STS measurements were carried out to investigate the electronic state of the nanowire. In contrast to the Shockley-type surface state at approximately −0.4 V of Cu(111), the dI/dV spectra acquired at various positions (marked in the inset of Fig. 1e) along the nanowire show a prominent state with an onset at 0.5 V and a shoulder peaked at 1.1 V (Fig. 1e). The high similarity of the spectra acquired on different sites of the nanowire indicates that the electronic state is delocalized over the nanowire. The calculated density of states (DOS) of PPE molecular wire predicts a bandgap of 1.92 eV in vacuum and 1.85 eV on Cu(111) (Fig. 1f and Supplementary Fig. 5). The hybridization of electronic state of PPE with that of the underlying Cu substrate leads to the reduction of bandgap by ~70 meV and the downshift of bandedges of the molecular wire. Projected DOS (PDOS) of PPE molecular wire on Cu(111) reveals that the hybridization is mainly attributed to the interaction between p z orbitals of C atoms in PPE nanowire and d z 2 orbitals of Cu substrates (Supplementary Fig. 6e, f ). Compared to the calculations, the detected state in the dI/dV spectra rose from 0.5 eV and can be assigned to the conduction band of nanowire, although the valence band was not observed in dI/dV spectra. For a similar case of graphene nanoribbon on Au(111), it suggested that the valence band decayed rapidly with increasing tip-sample distance and could be resolved only at set point currents >10 nA34. In our work, the valence band was not observed, likely because it was too weak relative to the strong contribution from the underlying Cu(111)34,35,36.

In general, the –C≡C– bond has a very high reactivity on Cu surface. For instance, the –C≡C– bond in acetylene hybridized with Cu substrate and was lengthened by 0.21(2) Å, resulting in a bent geometry of acetylene37,38. Therefore, on-surface synthesis of acetylenic scaffoldings so far has been reported mostly on Au and Ag23,24,39 and rarely on Cu. As shown in Fig. 1, the mobile nanowires with delocalized electronic state on Cu(111) indicated that –C≡C– bond did not bound with the substrate. Our calculations reveal that the bond order of the –C≡C– triple bonds in PPE nanowire is 2.61 on Cu(111) surface, which is very close to that in vacuum (2.62). The electron localization function maps and charge density difference calculations indicate insignificant electronic hybridization between PPE nanowire and the underlying Cu substrate (Supplementary Fig. 6b–d), as also confirmed by Bader charge analysis, which shows a small amount of charge transfer from Cu(111) to PPE nanowire by 0.03e per unit (–Ar-C≡C–).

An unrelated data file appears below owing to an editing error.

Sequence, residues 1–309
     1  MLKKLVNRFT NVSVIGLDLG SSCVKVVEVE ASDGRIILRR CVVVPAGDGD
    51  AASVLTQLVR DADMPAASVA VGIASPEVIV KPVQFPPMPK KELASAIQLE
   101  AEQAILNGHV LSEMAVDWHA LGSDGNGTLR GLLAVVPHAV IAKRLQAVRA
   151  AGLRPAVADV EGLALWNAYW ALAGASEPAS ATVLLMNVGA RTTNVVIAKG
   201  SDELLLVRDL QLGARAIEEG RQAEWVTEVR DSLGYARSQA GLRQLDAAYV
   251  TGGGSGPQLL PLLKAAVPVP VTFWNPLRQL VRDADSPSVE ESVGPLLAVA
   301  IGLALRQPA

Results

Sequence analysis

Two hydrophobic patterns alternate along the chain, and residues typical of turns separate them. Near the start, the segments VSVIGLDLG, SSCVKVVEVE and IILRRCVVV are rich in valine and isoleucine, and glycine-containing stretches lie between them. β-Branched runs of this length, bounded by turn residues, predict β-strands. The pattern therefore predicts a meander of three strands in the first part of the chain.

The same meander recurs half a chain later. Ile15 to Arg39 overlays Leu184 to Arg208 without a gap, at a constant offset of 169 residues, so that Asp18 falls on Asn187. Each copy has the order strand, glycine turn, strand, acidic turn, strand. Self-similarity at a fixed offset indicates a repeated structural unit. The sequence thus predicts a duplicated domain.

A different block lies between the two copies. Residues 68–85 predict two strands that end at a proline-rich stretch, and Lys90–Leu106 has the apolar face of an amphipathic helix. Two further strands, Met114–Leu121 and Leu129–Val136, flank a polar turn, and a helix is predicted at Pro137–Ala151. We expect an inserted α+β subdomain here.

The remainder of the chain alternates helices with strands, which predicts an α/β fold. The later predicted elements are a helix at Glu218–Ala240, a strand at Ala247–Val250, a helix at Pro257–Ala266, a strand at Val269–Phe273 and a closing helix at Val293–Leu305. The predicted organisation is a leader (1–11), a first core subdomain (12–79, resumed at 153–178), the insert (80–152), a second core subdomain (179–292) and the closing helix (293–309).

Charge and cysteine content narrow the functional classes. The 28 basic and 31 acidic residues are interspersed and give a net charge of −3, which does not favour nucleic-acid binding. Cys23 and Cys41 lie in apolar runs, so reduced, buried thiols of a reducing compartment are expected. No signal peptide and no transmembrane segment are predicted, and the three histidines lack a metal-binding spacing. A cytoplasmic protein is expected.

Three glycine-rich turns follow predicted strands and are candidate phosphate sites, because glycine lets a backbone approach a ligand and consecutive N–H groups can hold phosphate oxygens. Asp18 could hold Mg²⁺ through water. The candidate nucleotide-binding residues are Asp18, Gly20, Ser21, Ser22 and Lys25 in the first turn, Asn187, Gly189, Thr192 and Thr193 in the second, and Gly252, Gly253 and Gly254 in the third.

Figure 2a, b are the high-resolution STM image and corresponding nc-AFM image of a section of the nanowire. The phenylene moieties are clearly resolved in the nc-AFM image, and they correspond to the protrusions in the STM image. Enhanced contrast can be observed in the middle of the linkage between two adjacent phenylenes, which is attributed to the large electron localization in the region of –C≡C– bonds (Supplementary Fig. 6b)12. The successful formation of –C≡C– on the Cu(111) surface is also confirmed by the linear bond configuration of the two sp-hybridized carbon atoms. We performed DFT calculations of PPE molecular wire adsorbed on Cu(111). As shown in Fig. 2c, the optimized ethynylene maintains a linear configuration, and the calculated –C≡C– bond length is 1.226 Å, which is very close to the bond length calculated in vacuum (1.219 Å). AFM simulation (Fig. 2d) based on this model agrees well with the nc-AFM image in Fig. 2b. As a result, we believe that highly selective coupling of BTCMB produced PPE molecular wires on Cu(111). The distortion along the direction perpendicular to the axis of PPE wire observed both in AFM image and simulation was induced by the tilting effect of CO on tip apex40.